Students tackle AP testing amidst school events


Macy Moore

Xander Povey spends some extra time before his AP Chemistry exam looking over his notes. He has a bit more time to study after not attending the prom over the weekend.

In the midst of AP testing, students are tackling crazy schedules and the peak of burnout season. Sports and academics are coming to an end, and everyone feels the presence of summer close by– especially seniors. 

Regardless of this exciting time, the beginning of May is often one of the most stressful times of year. It is the final push toward the end of school. In addition, advanced placement courses spend all of their time preparing for this moment. 

Often, it is an underwhelming time of year, and everything is simply over after a few tests and a couple of weeks. Months of studying, planning, editing, learning, and experiencing have gone into three hours on a Wednesday morning–it is a strange time for many. 

In addition, the junior and senior prom was scheduled the Saturday before AP exams began. Students such as those attending the AP Government and Politics and AP Chemistry exams had their final tests on the Monday of that week. 

While prom is simply a fun school event, it can be a taxing event, and requires quite a bit of planning and preparation, as well as basically the entire day of the event. For many, it is a peak moment of high school, and definitely an event that is kept as a memory for years to come. 

However, as it happens every year, upperclassmen are often more prepared for this time having had the opportunity to attend prom the year prior. Jocsan Ocampo felt unbothered by the events occurring the week before exams, and sees them as just another hurdle toward the end of his year. “I’m excited for tests to be over because that means we aren’t doing much for the rest of the year.”

Some students, though, felt too academically pressured to even attend. AP tests are particularly important during junior year, and can influence college costs and decisions in their last year of high school. Passing these exams is a priority for many–and may even trump the importance of moments such as the prom.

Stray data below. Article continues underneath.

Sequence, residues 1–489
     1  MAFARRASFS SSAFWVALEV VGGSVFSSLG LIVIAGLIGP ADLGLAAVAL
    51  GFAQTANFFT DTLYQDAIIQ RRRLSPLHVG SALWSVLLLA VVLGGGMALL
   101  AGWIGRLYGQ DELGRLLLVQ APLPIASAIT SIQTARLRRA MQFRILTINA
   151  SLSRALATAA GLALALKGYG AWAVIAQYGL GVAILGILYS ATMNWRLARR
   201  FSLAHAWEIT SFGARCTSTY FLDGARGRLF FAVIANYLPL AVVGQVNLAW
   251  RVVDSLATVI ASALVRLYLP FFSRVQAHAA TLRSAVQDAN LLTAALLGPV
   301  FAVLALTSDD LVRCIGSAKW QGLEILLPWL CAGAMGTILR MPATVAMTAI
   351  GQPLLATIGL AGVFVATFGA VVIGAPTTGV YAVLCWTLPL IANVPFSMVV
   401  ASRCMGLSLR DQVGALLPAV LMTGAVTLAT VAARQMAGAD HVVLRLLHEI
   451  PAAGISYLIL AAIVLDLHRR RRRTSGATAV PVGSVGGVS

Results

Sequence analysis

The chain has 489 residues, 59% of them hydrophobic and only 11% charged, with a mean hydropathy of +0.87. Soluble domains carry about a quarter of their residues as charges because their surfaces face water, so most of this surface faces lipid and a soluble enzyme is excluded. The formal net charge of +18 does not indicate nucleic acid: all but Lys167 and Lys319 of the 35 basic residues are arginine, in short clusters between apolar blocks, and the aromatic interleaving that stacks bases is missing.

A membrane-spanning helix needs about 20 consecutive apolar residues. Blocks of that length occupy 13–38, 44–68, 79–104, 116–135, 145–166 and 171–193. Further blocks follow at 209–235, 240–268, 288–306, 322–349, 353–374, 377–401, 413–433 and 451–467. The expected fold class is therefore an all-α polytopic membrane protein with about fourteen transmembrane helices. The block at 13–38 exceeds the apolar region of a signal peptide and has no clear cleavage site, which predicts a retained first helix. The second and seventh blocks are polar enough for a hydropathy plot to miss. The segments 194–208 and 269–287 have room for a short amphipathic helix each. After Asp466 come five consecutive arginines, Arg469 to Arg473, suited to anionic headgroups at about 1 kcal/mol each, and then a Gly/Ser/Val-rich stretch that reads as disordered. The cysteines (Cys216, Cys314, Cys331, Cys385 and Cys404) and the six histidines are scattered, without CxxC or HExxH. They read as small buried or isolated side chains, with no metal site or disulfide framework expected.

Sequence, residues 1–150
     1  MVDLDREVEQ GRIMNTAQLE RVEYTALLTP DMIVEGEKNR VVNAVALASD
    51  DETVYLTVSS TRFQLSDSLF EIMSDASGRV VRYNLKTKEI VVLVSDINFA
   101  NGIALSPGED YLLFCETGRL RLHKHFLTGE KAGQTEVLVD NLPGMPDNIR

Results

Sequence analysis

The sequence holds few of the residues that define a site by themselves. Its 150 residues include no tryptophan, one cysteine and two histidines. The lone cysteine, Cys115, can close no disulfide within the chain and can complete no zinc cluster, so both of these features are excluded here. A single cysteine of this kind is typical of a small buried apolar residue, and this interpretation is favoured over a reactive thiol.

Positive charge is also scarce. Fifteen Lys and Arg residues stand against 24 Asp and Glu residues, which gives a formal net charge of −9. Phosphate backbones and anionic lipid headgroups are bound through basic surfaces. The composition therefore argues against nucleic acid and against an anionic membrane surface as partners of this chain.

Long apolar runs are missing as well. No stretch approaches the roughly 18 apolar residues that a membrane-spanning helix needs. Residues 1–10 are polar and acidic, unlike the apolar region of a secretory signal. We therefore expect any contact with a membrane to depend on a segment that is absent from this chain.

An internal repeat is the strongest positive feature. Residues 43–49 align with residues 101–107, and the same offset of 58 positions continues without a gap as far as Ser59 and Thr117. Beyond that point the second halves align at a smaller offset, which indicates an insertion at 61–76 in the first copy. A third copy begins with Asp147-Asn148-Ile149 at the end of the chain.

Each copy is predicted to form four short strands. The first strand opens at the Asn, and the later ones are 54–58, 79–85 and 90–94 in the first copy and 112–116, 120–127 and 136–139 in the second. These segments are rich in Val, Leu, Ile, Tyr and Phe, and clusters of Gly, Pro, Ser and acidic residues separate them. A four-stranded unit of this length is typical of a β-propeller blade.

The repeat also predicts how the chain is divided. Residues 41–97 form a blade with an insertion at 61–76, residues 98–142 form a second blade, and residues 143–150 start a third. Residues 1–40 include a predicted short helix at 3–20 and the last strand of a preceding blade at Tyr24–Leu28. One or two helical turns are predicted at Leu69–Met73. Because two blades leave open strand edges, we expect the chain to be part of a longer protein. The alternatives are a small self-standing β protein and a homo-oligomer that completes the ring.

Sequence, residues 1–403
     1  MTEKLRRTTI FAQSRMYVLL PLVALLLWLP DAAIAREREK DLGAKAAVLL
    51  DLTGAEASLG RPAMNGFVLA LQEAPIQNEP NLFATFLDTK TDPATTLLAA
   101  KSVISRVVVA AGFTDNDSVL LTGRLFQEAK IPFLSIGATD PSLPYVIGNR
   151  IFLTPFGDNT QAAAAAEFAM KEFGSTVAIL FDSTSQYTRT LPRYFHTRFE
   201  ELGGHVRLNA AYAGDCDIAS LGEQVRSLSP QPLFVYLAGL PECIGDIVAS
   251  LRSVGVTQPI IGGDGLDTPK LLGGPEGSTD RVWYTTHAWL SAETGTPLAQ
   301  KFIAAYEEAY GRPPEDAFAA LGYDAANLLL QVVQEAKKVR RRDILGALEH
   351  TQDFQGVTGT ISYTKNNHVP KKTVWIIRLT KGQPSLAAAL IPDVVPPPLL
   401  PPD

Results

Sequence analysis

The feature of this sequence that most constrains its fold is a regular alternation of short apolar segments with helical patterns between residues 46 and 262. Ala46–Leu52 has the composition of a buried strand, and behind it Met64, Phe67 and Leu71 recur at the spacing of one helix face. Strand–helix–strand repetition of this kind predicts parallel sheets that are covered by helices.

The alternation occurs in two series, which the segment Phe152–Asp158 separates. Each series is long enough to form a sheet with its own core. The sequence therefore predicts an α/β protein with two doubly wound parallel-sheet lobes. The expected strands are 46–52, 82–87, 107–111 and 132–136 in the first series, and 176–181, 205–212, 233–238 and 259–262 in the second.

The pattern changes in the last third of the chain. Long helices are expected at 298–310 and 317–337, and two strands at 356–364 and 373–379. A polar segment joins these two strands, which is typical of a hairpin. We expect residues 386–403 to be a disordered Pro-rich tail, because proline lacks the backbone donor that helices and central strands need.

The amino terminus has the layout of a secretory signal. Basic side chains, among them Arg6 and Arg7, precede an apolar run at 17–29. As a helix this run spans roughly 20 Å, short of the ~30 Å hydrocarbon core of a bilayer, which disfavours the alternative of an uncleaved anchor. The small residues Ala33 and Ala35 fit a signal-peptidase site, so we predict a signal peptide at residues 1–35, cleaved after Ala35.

Xander Povey, junior, passed up his first chance to attend the prom last weekend due to the looming AP tests. His AP Chemistry exam was on the horizon, and for the sake of having his best chance at the test, he stayed home during the dance. 

If the prom was scheduled a week later or earlier, I probably would have gone.

— Xander Povey

Regardless of having a lot of time to study for each exam, those few weeks before are always a push to the finish line. “There is definitely a build up in pressure right before the exam. We have has so much time to study, but in reality the majority happens in the days right before the test.” While not every student has AP exams on the same day, some are definitely missing out due to the scheduling of this event. 

Regardless of student life or academic rigor, students are seemingly missing out on moments in their lives that many have arguably dreamed of since they were children. Missing prom is not the issue, but being unable to attend due to the date of the event creating too much academic pressure could be an issue to be regarded in future scheduling of the event. 

On the other hand, some may prefer the break in studying to let loose a bit before such stressful tests. Whether attending the prom due to an empty schedule, or skipping the dance due to academic priority, it is notable that school events and academic ones have seemingly always overlapped. 

With a more challenging and academically driven schedule comes more hindrance on participation in extracurricular activities such as sports, dances, events, and even the arts. It seems schedules will continue to be impacted by student opportunities–even something as pivotal as prom.